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Wednesday, March 2, 2011
Little red school house magically turned into railway coach while dental car also travelled CPR line and Chapleau's reeve George Fife meets the King during 1939 Royal Tour
around the same time that it was established, so was the school car that brought
education to children along the Canadian Pacific Railway between Cartier and
White River for about 40 years.
J.B. McDougall, a school inspector in
North Bay, had the idea for the school in 1926 after a survey revealed that
"children in the backwoods didn't get any education", according to an article in
Better Living magazine in 1946.
The Ontario Department of Education
agreed to the plan and the CPR, CNR and ONR (as it is now called) all agreed to
Chapleau was selected as the central place for the school
cars on the CPR and one, attached to a freight train, travelled west to serve
the children as far west as White River, and the other, east to Cartier. A
dental car was introduced in 1931.
The school car was not available to
children in places such as Nicholson, Amyot, Franz, Localsh, Missanabie, Biscotasing,
Sultan where a school was already established but was for children of miners,
trappers, section men, woodsmen and others who may travel from their isolated
homes by snowshoe or dog sled to the siding or spur where the school car would
be dropped off for five days before moving to its next location. The children
would be given enough homework to last until it returned.
related is that one student built a lean to against the school car and lived in
it each week that he attended classes.
When the school at Nicholson
closed in 1936, the school car stopped there until 1956. It stopped operating in
Better Living described it as "the little red schoolhouse being
magically turned into a railway coach."
The car was complete with
student desks, blackboards and a heater and also had living quarters for the
teacher. All textbooks, pens, pencils and scribblers were provided by the
department of education.
Often the teacher was called upon to provide
assistance to parents as translater, adviser, letter writer and host at social
gatherings held in the evenings on the car. Adult night classes were often
All teachers were qualified under department of education
regulations, and according to a 1951 reports: "Teachers are chosen because of
their understanding of and adaptability to pioneering life. In addition to
teaching in the classroom, they do much to enrich the life of students and
parents, many of whom are not familiar with Canadian habits and
As I was researching this piece, I was intrigued by some of
the words I came across such as "backwoods" and "pioneer life". Growing up in
Chapleau in the 1940s, it never struck me that we lived in the backwoods, or
close to it, or were experiencing pioneer life.
In fact, we had a camp
at Healey, built by my grandparents, Lil (Mulligan) and Harry Morris, and my
mother Muriel E (Hunt) Morris, 17 CPR miles west of Chapleau on Lake Windermere.
I guess I really was in the backwoods of pioneer life during the wonderful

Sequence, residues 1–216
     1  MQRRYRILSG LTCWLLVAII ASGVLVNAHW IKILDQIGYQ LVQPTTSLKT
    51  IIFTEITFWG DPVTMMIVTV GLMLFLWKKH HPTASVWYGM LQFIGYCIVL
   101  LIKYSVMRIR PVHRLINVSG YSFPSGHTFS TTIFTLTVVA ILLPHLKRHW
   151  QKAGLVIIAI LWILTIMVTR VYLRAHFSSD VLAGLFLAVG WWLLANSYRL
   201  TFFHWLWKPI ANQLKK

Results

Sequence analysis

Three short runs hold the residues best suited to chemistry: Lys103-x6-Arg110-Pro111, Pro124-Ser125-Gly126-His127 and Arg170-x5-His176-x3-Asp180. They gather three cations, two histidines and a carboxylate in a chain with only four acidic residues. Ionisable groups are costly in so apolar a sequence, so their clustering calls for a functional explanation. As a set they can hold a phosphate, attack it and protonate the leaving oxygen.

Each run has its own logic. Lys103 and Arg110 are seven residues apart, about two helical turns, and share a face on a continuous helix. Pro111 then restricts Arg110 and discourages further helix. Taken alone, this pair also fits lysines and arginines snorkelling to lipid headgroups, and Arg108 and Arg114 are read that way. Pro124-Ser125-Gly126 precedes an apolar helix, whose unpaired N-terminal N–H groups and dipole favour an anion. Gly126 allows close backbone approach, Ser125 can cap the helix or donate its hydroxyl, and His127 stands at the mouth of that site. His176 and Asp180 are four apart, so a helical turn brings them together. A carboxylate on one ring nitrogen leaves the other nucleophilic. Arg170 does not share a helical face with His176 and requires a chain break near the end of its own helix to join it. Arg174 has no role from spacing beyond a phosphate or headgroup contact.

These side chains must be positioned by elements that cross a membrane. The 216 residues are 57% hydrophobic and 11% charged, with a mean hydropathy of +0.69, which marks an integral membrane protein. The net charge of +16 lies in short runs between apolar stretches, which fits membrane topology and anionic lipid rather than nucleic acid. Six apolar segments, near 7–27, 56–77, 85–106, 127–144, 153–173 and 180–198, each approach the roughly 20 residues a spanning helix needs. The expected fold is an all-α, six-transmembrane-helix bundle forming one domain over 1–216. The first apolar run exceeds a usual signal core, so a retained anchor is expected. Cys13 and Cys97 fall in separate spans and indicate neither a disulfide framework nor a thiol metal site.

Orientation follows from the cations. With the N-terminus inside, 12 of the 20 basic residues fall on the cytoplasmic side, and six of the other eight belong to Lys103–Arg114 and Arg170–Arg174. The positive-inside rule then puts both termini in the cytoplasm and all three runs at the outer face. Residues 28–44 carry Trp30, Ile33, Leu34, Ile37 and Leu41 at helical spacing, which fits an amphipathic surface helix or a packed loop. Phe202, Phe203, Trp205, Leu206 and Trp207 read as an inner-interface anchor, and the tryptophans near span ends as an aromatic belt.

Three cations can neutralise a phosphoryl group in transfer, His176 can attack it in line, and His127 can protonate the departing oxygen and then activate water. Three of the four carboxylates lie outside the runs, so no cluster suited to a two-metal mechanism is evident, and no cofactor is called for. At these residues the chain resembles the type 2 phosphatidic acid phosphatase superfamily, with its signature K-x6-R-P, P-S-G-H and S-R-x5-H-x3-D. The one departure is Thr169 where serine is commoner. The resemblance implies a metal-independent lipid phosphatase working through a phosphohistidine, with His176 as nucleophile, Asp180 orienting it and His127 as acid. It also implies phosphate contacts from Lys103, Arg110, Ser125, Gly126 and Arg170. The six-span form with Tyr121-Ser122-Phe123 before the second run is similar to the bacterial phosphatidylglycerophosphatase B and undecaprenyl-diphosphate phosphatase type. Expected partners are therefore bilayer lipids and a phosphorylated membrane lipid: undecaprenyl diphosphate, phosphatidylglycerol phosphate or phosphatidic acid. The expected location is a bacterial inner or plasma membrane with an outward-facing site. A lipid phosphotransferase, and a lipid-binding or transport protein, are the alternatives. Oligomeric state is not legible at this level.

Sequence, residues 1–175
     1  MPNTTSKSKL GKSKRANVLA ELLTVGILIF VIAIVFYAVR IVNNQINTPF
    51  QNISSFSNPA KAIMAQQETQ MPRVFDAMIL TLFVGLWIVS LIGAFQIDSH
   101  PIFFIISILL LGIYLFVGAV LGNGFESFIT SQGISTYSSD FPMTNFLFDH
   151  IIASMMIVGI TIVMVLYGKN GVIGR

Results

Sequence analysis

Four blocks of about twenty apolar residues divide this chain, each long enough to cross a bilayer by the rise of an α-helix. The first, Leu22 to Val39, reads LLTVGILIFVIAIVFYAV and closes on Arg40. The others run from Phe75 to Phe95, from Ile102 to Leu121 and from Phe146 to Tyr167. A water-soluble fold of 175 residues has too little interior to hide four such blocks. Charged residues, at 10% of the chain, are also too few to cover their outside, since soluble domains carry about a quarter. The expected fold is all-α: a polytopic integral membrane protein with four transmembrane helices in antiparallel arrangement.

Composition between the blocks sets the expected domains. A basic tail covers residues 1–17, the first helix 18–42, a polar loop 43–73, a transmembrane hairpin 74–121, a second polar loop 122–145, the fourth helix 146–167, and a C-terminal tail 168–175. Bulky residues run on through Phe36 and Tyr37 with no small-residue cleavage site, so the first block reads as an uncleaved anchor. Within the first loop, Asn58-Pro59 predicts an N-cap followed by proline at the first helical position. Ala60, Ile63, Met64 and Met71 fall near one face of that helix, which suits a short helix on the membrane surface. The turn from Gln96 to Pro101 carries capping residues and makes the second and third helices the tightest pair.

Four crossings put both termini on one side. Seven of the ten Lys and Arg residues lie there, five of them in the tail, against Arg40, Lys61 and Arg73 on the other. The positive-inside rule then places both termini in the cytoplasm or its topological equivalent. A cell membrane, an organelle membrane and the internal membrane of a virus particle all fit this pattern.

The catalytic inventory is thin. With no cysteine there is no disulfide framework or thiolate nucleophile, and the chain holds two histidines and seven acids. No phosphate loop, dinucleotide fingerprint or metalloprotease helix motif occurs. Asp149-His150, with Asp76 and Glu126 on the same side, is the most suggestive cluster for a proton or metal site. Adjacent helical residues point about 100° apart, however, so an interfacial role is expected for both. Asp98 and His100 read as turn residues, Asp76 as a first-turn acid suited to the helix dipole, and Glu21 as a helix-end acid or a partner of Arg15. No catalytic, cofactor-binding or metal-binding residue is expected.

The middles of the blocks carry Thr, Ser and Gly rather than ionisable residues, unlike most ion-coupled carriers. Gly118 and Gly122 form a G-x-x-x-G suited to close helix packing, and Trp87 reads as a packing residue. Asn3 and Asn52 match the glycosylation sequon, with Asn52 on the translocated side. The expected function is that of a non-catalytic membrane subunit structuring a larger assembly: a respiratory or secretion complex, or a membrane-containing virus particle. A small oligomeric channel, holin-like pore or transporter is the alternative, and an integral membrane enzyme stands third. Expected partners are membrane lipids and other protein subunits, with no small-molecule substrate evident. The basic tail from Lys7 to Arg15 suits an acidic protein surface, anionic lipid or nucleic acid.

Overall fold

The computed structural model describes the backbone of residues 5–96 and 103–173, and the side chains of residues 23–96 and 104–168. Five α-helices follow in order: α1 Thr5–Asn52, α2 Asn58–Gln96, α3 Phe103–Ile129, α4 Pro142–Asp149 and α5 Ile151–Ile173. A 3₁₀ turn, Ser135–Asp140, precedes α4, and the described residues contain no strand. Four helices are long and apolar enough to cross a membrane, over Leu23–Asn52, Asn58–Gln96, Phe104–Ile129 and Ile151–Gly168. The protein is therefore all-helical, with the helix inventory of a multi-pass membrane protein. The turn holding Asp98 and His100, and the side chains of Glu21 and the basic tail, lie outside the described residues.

summers I spent there. Had we lived there year round I may have attended the
school car but somehow would have had to make my way to Musk or Pardee as there
was no siding or spur line at Healey.
Interestingly, in a guide book
prepared for King George VI and Queen Elizabeth for their Royal Tour of Canada
in 1939, reference is made to Northern Ontario. It noted that the train would
pass "though a land of great rock hills and tall pines, the railway wanders ...
on the main transcontinental line."
Although the guide does not mention
the school cars, it does say that Cartier was the eastern terminal for dental
cars. The cars, "donated and hauled by the railways, contain a dental clinic and
living quarters for a dentist in charge." Equipped by the Rosedale chapter of
the Imperial Order of the Daughters of the Empire, they had been maintained and
operated by the department of health of the provincial government since
The program provided for free dental treatment to children in
Northern Ontario who might otherwise not have received any care. I recall the
dental care being made available to us after the death of Dr. William Young,
"the dentist", the brother of Dr. G.E. Young, "the doctor." Chapleau was without
a resident dentist for many years.
The train passed through
Geneva, Benny, Pogosaming, Metagama and other places, and the next comments were
made about Biscotasing. The guide noted that Biscotasing, meaning " narrow
filled with waterlilies, connecting two lakes" had been a Hudson's Bay Company
trading post prior to the arrival of the CPR.
Biscotasing was the "jumping off place for the canoe route to Flying Post,
James Bay and Hudson Bay -- a route used since earliest times by the Indians on
primitive expeditons, then on journeys to scene of Canadian Pacific construction
-- where they made their first contact with civilization outside the trading
Again an interesting use of language by the guide writers in 1939 who told
the Royals that the canoe routes had been used by aboriginal peoples since
"earliest times" on "primitive expeditions". I can only surmise that the writers
were sent out from England in advance of the Royal tour to write an interesting
story for their Majesties who were paying their first visit to Canada.
However, by my calculation, the King and Queen were likely asleep as their
train travelled from Sudbury to Chapleau. The Royal Train arrived in Chapleau at
two a.m.and there were no plans for a public appearance. However, Reeve George
Fife of Chapleau had sent a message advising that he wanted to meet them when
the train was in Chapleau. They got up and met Mr Fife.
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